NPR top news editor accused of sexual harassment by multiple women

"The worst part of my whole encounter with Oreskes [was] the fact that he utterly destroyed my ambition," says one victim.

Michael Oreskes is now NPR's Senior Vice President of news. He is accused by two women of sexual harassment dating back a number of years, including "unwanted physical contact with them" while he was employed by another news organization "nearly two decades ago."

The alleged assaults happened in the late 1990s, the women said. Oreskes moved to NPR in March 2015, after working at NYT and AP.

How long has NPR management known? And what will Oreskes' role at the news organization be while a reported investigation within NPR unfolds?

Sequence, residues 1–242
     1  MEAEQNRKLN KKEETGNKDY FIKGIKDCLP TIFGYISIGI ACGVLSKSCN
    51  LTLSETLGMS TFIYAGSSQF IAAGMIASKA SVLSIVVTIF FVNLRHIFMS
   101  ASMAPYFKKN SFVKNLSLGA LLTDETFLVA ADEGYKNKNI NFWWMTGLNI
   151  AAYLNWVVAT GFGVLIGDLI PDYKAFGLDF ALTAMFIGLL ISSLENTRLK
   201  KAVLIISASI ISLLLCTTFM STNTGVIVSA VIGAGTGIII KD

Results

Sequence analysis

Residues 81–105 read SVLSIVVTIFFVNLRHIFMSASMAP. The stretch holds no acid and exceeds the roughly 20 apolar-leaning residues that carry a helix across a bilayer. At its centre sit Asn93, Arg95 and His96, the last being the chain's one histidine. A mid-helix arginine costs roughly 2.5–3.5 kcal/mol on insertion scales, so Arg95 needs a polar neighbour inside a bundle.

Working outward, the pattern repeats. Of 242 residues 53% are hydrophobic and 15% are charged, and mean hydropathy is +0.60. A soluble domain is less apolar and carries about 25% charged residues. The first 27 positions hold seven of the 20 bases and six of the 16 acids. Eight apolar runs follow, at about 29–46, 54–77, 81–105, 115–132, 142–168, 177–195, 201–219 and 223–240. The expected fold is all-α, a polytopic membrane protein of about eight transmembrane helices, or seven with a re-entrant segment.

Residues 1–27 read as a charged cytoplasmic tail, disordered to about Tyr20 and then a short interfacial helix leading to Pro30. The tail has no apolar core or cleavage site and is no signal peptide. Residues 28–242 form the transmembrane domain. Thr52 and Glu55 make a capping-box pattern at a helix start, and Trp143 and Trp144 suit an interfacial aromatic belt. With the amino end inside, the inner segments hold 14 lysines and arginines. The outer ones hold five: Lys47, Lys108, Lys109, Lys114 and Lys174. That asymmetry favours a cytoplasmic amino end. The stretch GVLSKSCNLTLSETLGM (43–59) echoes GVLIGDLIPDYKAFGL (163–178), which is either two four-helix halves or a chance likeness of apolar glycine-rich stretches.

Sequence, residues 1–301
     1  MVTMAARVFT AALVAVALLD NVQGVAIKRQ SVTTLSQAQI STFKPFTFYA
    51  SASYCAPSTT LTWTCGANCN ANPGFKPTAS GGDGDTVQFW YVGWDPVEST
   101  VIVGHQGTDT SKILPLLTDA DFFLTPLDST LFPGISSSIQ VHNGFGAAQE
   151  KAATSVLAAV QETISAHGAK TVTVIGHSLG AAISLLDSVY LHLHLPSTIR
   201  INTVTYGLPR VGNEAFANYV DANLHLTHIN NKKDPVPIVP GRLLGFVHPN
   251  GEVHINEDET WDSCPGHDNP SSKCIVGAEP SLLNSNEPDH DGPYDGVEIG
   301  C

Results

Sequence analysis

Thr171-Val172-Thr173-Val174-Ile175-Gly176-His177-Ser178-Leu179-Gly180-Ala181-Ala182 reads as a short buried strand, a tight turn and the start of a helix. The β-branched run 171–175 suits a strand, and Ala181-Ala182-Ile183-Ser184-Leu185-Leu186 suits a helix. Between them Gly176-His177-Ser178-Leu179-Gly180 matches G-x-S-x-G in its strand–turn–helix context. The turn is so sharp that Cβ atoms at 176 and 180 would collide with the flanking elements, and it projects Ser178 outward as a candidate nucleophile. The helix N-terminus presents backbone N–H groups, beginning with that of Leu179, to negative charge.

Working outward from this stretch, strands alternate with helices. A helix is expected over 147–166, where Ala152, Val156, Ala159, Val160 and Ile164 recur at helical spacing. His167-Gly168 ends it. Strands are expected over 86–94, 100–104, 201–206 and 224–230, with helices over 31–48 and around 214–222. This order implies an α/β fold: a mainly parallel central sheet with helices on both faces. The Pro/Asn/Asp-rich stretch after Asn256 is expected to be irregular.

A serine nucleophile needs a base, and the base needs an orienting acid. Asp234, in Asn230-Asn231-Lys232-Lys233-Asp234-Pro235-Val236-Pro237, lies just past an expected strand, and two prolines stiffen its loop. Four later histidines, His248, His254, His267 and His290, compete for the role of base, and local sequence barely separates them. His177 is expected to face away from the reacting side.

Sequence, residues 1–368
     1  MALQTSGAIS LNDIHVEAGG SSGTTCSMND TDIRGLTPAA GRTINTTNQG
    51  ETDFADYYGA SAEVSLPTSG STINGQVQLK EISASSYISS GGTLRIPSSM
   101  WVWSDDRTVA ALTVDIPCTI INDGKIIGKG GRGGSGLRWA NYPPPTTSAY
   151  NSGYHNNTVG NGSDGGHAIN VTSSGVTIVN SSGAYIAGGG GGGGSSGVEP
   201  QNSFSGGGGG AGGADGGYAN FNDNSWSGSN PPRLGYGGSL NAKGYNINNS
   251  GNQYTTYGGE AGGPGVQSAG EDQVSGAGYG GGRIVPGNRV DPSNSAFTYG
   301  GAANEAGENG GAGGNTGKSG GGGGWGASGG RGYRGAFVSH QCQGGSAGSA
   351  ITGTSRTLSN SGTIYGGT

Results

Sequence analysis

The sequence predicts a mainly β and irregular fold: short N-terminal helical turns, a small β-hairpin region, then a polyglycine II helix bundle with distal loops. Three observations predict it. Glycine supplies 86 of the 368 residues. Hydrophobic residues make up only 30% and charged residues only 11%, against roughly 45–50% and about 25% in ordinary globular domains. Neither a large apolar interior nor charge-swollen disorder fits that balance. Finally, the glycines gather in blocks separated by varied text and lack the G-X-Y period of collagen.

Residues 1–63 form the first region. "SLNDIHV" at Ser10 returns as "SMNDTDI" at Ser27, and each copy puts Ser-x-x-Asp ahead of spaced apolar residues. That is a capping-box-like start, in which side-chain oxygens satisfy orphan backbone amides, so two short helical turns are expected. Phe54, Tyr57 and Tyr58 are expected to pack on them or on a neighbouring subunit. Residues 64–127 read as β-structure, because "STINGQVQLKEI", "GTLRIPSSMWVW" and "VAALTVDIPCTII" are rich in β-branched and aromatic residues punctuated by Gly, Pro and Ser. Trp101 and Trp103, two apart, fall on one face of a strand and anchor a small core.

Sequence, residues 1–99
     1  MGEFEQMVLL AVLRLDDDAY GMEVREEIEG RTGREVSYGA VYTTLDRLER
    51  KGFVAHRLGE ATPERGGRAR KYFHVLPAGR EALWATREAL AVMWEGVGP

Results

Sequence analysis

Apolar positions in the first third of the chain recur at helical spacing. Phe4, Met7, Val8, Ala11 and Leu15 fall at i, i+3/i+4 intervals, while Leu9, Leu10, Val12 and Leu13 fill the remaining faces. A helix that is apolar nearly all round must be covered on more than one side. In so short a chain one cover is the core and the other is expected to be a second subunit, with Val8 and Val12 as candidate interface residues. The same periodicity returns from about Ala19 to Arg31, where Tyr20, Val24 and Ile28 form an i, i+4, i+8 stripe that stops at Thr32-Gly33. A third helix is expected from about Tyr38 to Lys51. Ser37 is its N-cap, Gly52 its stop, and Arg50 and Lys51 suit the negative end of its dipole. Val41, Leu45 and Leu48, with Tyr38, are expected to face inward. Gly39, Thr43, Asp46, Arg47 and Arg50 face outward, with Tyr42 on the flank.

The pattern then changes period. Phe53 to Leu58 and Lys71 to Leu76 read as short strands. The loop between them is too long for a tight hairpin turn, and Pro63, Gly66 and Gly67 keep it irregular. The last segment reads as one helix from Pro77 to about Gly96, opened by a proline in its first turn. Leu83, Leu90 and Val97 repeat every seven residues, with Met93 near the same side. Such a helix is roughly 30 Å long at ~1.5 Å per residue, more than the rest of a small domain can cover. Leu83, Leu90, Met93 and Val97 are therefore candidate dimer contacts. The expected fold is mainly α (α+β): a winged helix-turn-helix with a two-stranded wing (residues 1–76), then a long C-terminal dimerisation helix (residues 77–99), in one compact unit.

From the Washington Post:

The women, both journalists at the time of the alleged incidents, made the accusations in recent weeks against Michael Oreskes, senior vice president of news and editorial director at the Washington-based public broadcasting organization.

In separate complaints, the women said Oreskes — at the time, the Washington bureau chief of the New York Times — abruptly kissed them while they were speaking with him about working at the newspaper. Both of them told similar stories: After meeting Oreskes and discussing their job prospects, they said he unexpectedly kissed them on the lips and stuck his tongue in their mouths.

Both of the women spoke to The Washington Post on the condition of anonymity so as not to damage their employment prospects.

There are detailed accounts of the abuse specifics in the Post article, if you care to read them. Disgusting.